Tax on sugary drinks supported by three in four people, says poll

Irish Heart Foundation says 20% tax on sugary drinks would raise €44.5m a year

People say they would support a tax on sugar drinks if the proceeds were spent on initiatives promoting healthier diets among children. Photograph: Getty Images

People say they would support a tax on sugar drinks if the proceeds were spent on initiatives promoting healthier diets among children. Photograph: Getty Images

 

A majority of people support the introduction of a tax on sugar-sweetened drinks to help reduce childhood obesity, according to a poll for the Irish Heart Foundation.

The charity says three in four people say they would support the tax if the proceeds were spent on initiatives promoting healthier diets among children.

A call for a 20 per cent tax on sugar-sweetened drinks forms part of the foundation’s pre-Budget submission, which says the measure would bring in an estimated € 44.5 million a year.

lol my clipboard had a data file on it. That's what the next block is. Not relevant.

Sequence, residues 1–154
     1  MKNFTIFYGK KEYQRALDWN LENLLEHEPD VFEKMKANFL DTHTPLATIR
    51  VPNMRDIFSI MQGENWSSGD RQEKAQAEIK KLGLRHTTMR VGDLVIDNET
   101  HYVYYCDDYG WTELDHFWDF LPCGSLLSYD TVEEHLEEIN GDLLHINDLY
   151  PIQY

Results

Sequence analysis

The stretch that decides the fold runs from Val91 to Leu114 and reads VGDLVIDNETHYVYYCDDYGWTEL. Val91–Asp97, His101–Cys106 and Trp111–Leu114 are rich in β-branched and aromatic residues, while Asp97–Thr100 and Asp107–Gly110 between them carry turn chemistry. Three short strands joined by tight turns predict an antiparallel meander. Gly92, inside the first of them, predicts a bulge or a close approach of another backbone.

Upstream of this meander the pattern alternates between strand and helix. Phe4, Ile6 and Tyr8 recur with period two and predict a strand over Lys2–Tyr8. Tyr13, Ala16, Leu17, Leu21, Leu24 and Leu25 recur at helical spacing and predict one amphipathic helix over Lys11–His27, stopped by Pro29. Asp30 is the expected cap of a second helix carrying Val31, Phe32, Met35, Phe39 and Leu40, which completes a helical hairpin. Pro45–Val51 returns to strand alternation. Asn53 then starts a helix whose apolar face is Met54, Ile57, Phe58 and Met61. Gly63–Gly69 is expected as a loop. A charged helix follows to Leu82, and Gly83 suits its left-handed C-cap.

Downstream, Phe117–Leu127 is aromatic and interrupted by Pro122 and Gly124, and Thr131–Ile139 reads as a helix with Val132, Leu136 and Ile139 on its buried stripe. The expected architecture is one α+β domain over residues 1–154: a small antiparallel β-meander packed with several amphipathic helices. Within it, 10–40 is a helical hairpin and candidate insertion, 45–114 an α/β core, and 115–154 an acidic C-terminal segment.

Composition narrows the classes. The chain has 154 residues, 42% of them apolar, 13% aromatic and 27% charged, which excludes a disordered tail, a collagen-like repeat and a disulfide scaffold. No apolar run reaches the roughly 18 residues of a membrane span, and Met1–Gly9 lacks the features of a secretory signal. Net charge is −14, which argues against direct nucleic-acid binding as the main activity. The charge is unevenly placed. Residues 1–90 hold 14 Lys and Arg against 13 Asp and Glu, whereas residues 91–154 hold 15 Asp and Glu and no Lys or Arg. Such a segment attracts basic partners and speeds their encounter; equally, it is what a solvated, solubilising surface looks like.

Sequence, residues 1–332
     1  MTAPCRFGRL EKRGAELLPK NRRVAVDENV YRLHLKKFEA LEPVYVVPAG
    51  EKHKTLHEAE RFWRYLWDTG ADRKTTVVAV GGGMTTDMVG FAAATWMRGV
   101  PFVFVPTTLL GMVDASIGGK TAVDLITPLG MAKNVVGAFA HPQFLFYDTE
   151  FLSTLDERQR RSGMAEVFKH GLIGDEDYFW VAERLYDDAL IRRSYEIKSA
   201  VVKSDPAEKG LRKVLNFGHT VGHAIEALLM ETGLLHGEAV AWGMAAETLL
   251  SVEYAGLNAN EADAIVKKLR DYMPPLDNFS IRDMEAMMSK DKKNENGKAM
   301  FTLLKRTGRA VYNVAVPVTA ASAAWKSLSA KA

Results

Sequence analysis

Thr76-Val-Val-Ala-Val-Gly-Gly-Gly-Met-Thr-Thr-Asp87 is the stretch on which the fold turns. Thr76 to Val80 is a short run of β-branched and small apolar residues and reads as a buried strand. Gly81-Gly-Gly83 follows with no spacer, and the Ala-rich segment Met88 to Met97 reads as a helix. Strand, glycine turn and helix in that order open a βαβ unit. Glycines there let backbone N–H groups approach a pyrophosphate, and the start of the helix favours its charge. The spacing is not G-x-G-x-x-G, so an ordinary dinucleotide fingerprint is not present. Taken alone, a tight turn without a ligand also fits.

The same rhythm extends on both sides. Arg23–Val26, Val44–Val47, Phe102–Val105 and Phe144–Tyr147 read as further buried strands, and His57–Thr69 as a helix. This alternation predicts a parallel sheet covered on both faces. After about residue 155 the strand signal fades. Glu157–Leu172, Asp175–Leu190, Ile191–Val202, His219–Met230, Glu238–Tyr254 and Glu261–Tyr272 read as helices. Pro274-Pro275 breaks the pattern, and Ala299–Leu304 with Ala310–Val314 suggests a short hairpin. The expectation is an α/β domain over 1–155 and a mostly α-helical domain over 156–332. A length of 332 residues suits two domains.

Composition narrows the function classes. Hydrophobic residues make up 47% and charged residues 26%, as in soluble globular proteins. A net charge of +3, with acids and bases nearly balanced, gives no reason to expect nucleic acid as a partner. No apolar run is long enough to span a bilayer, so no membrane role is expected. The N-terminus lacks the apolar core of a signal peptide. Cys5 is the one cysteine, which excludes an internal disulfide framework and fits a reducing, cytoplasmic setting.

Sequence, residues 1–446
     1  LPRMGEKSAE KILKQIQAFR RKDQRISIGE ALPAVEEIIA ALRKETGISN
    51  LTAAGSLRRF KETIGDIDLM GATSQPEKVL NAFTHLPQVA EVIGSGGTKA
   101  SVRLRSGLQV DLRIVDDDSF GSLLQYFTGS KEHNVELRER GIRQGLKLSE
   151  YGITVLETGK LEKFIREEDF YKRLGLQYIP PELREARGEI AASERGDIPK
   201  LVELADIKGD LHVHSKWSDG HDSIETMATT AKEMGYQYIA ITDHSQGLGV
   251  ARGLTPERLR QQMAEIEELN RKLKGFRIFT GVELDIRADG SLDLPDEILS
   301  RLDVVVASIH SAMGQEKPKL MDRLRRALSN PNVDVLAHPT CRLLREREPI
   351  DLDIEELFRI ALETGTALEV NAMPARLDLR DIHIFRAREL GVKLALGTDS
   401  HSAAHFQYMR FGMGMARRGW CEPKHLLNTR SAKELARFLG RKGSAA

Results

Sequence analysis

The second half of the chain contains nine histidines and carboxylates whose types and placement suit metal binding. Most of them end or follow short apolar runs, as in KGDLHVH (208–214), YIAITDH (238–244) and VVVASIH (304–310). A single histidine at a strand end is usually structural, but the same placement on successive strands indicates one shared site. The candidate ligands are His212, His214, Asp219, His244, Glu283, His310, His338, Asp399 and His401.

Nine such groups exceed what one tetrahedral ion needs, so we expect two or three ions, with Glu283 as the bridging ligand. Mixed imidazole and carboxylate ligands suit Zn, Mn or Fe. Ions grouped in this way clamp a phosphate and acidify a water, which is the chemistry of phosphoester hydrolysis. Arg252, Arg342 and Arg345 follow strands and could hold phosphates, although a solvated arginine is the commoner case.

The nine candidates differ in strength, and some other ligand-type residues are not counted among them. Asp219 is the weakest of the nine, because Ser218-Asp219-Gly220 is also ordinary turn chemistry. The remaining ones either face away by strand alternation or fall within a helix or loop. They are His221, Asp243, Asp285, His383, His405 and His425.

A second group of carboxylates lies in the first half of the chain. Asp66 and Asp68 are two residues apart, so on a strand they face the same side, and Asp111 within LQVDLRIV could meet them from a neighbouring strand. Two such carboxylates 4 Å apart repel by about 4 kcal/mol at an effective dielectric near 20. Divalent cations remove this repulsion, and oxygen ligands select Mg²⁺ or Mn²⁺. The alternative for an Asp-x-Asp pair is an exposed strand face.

It wants this money to be used to establish a children’s future health fund that would advance a number of health initiatives. These include the removal of all junk food and fizzy drinks from schools, the introduction of a “no fry” zone within 1km of schools, bans on TV ads for junk food until 9pm and subsidies for fruit and vegetables targeted at disadvantaged communities.

Support for a sugar tax has grown from 52 per cent last year to 58 per cent, according to the foundation, with support highest among 15 to 17-year-olds and students.

“It is extraordinary that after all the financial pain people have suffered in the aftermath of Ireland’s economic collapse, after all the extra taxes, levies and charges that have been imposed on us, the Irish public would support any new tax whatsoever,” said Irish Heart Foundation head of advocacy, Chris Macey.

“From the size of the majority in favour it is crystal clear that people don’t think the State is doing enough to tackle the obesity problem and that stronger action and leadership is required.”

In 2012, a Department of Health assessment found a 20 per cent tax on sugary drinks would reduce obesity by 3 per cent in adults, he pointed out.